Ectopic Pregnancy - A Better Understanding

Published: 01st January 2006
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WHAT IS AN ECTOPIC PREGNANCY?



The dictionary definition of the word 'Ectopic' is an organ or body part existing in an unusual position or form. In simple terms, an ectopic pregnancy is a pregnancy, which is developing in the wrong place. An ectopic pregnancy occurs when the fertilized egg (or ovum) fails to move down the fallopian tube and into the womb (or uterus) in the normal manner. Instead, the egg or ovum implants itself outside of the womb. Most often, (in 95% of cases), ectopic pregnancies develop in a fallopian tube and rarely, elsewhere in the abdominal cavity or pelvic area. For example, an egg can attach itself on an ovary, on the neck of the womb (cervix) or on another organ within the pelvic or abdominal area (1.5% abdominal, 0.5% ovarian & 0.03% cervical). Ectopic pregnancies do not usually survive and many will result in a spontaneous miscarriage, others will develop until a serious problem becomes apparent, which will require immediate medical attention.



WHAT CAUSES AN ECTOPIC PREGNANCY?



Sometimes the ovum fails to implant itself and it becomes fertilised outside of the reproductive system. More commonly, the fertilised ovum is trapped, in the fallopian tube and the baby continues to grow inside the tube where it can cause the tube to burst or otherwise severely damage it. A burst tube is life threatening and requires urgent medical attention.



In many cases, ectopic pregnancies occur when the expectant mother has damaged fallopian tube(s). Tubes damaged, by infections such as pelvic inflammatory disease or by previous surgery, scar tissue, endometriosis or previous ectopic pregnancies are a high-risk factor, which significantly, increase the likelihood of a pregnancy being ectopic. Another risk factor associated with ectopic pregnancies is becoming pregnant, whilst using a contraceptive-coil or a progestogen only contraceptive pill. Pregnancies resulting from in vitro fertilisation (i.e. test-tube methods) can be ectopic - even though, the fertilised egg is placed directly into the womb, it may still attach itself elsewhere. In some cases, none of the above risk factors are present in the expectant mother.



WHAT ARE THE WARNING SIGNS OF AN ECTOPIC PREGNANCY?



Pain In the Abdomen - The first sign of an ectopic pregnancy can be a pain on one side of the abdomen. This pain can be constant and severe and its onset, sudden.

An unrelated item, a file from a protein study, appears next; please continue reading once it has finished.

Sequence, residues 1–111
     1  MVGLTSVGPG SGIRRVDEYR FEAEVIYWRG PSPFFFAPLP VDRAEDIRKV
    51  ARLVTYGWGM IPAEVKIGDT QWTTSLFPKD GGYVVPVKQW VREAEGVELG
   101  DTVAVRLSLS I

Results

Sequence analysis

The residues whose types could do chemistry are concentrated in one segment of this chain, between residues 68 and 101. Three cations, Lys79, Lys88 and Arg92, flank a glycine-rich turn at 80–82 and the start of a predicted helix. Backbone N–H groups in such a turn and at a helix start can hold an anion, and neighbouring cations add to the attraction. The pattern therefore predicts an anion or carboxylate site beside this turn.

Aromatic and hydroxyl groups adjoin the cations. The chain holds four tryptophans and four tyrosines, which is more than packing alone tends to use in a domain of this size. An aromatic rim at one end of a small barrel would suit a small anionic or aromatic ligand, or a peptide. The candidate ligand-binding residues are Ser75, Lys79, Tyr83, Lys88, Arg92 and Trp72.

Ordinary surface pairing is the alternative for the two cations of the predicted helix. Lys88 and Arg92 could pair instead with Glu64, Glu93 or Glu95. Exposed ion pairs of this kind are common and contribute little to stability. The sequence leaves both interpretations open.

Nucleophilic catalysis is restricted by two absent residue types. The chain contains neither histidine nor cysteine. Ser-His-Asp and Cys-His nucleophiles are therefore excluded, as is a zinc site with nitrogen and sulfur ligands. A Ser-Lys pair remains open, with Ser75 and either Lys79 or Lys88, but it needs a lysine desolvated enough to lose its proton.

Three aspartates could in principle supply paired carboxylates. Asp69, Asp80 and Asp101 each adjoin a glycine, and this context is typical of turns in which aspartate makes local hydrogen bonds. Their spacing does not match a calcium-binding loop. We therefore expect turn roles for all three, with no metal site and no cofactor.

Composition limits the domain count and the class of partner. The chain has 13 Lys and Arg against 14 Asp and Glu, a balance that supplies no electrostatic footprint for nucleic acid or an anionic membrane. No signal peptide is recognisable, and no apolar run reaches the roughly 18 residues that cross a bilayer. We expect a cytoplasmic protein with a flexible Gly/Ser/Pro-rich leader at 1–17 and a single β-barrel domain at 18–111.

Pain in the Shoulder - An alternative warning sign could be a pain in the shoulder, which intensifies when breathing in and out.



Pain Using the Lavatory - If you suspect you are pregnant and experience pain during visits to the bathroom you should report this to your medical practitioner.



Other Warning Signs



Vaginal bleeding or unusual periods, lighter or heavier than normal, or a strange colour etc

Sickness

Diarrhoea

Pallid complexion (paleness)

Light-headedness

Collapse

Increasing pulse rate

Falling blood pressure



DIAGNOSING AN ECTOPIC PREGNANCY



Ectopic pregnancies can be hard to detect as in many cases, the symptoms are no different from those of a normal, early pregnancy, i.e. tender breasts, nausea, vomiting, missed periods or frequent urination. If you are a sexually active woman of childbearing age and you experience symptoms of an early pregnancy plus any, of the above warning signs, of an ectopic pregnancy, contact your medical practitioner immediately.



A urine pregnancy test will usually be positive but is not always apparent. However, a specialised hCG blood test will always show a positive result. If a pregnancy is ectopic, the womb will often be smaller than the average womb at that stage of pregnancy and this will be detected during an internal pelvic examination. A doctor can sometimes detect a swelling, during an internal examination, which is evidence of an ectopic pregnancy existing.

An ultrasound scan will differentiate between a possible miscarriage, a normal pregnancy and an ectopic pregnancy.



The majority of women diagnosed with an ectopic pregnancy will require surgical intervention and/or medication. In the worst-case scenario, without this intervention, an ectopic pregnancy can be fatal to the mother. Medical and technological advancements mean that ectopic pregnancies are easier to detect than ever before and therefore, they carry less risk than they did in previous years. Technological advancements have significantly improved the treatment of ectopic pregnancies - keyhole surgery is just one example of this.



It is vital to seek the opinion of a medical practitioner if you suspect you are carrying an ectopic pregnancy.

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